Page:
I am curious if the autistic behaviors I am seeing at this age of 3.5 are indicitive of future behaviors...did your child's symptoms progress over time? For instance, just because my son appears to suffer mild OCD and stimming right now, can/will these behaviors develop and worsen as he gets older? It it common for them to escalate as he gets older? Or peak at a certain age?… read more
What a great question. Our kids do change just like regular kids. Some kids have great outcomes but I suspect the best outcomes are with kids that have had effective interventions and treatments. Yet some of our kids continue to struggle even with good treatment. So there's no crystal ball. I think as a parent you need to try to figure out how to get your child the best interventions, do all you can do within the limits of your circumstances, and know that you did the best you could. If I had to do it over again, I would have started with RDI sooner which is a great way for parents to learn how to connect with their kids.
My son who is 14 now only stims at home. He knows this is not good in public and will only pace in public which is much more acceptable. The one thing I did do when my son was young was whenever he chose to do the same thing over and over again, I refused to let him. The best advise I ever got was to challenge him in this regard. He wanted to touch walls at school the same way every day or go through the same door the same way, etc. I refused to let him. I constantly changed it up on him even when he would melt down. This is really hard but it totally worked for him. Now he does not have any OCD behaviors. God bless you!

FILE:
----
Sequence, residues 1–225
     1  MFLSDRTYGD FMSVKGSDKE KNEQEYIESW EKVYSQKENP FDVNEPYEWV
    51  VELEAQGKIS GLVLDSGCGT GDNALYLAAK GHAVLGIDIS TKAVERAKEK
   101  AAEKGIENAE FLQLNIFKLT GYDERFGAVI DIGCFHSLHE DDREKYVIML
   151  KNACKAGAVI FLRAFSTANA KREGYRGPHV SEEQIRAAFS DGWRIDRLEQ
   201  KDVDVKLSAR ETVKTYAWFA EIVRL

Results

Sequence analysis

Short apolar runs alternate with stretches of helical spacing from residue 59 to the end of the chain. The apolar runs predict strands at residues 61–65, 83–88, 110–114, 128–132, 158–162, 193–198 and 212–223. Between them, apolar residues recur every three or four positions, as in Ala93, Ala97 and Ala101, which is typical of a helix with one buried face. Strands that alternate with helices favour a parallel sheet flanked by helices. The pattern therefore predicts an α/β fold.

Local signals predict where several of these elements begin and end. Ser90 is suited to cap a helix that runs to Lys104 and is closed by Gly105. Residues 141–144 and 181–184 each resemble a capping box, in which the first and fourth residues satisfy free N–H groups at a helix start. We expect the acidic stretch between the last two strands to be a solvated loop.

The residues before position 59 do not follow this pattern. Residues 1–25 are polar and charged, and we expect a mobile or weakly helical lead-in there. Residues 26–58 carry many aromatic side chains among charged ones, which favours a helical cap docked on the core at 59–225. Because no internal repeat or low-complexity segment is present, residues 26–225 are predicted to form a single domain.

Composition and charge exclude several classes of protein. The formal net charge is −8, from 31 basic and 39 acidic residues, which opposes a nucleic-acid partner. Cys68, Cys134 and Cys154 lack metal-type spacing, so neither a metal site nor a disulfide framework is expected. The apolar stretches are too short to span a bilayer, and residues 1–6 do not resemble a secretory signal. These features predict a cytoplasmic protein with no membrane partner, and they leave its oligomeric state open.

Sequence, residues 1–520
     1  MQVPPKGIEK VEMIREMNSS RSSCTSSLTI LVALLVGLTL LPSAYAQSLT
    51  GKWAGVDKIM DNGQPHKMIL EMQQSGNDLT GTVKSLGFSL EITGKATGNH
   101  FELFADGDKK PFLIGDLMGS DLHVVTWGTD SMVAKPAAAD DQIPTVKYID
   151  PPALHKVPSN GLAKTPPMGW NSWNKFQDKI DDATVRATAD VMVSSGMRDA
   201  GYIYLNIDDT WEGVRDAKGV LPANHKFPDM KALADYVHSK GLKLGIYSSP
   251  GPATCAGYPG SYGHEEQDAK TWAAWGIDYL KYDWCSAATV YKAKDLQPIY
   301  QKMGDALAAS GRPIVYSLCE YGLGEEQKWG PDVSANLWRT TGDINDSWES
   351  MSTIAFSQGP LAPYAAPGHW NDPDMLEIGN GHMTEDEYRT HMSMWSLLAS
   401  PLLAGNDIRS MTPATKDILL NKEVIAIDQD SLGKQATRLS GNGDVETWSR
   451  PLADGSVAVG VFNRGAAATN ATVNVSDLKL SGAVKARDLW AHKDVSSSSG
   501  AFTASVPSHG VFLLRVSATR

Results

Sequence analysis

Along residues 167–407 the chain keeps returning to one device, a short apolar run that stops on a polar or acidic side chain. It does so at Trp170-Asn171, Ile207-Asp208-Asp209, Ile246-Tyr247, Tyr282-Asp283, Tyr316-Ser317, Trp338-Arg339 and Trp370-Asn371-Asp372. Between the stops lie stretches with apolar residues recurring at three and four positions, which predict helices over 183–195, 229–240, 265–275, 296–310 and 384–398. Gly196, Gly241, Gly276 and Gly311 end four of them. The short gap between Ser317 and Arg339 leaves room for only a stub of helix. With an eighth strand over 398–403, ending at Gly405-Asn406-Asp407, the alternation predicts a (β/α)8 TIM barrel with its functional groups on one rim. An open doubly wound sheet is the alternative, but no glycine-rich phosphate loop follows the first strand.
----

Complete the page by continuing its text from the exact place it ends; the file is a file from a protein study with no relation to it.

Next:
About 10-20% of kids who get intensive early treatment will improve to the point where they no longer present as obviously autistic. There is a lot of controversy over whether they are fully "recovered" but they have overcome their major symptoms.
It really depends on the child. No two individuals with ASD are alike. Also, there's always a function to behavior and a trigger (antecedent). So, behaviors can change, disappear, or reappear depending on the situation/circumstance. Understanding WHY your child is doing WHAT he's doing makes it easier to manage. Jill is right. There is no crystal ball. What you can do though is arm yourself with knowledge and get your child the support and services (ie. ABA, speech, OT, etc) he needs.
My son's behaviors come and go in waves as well. Unfortunately, as they get bigger and are on meds such as mine is, he outgrows his dose and then it takes some time to adjust. My son has some SERIOUS OCD issues and its really a crap shoot to find out what meds work with which meds. Some days he is great and you can carry on a perfect conversation with him, other days his conversations don't make much sense to us. He has increasingly become more aggressive as he gets older too (he is now 12 and was diagnosed with ASD when he was 2 1/2.) We needed to add an additional med to help control his impulsiveness and reduce his agitation/anxiety. We know that he will never "recover" and that is fine with us as long as he is happy and does to the best of his abilities. Some parents, I feel, put unrealistic expectations on their children only to be let down when things don't happen. I did grieve for my "normal" child years ago, but that didn't help to prepare him for what he CAN do today.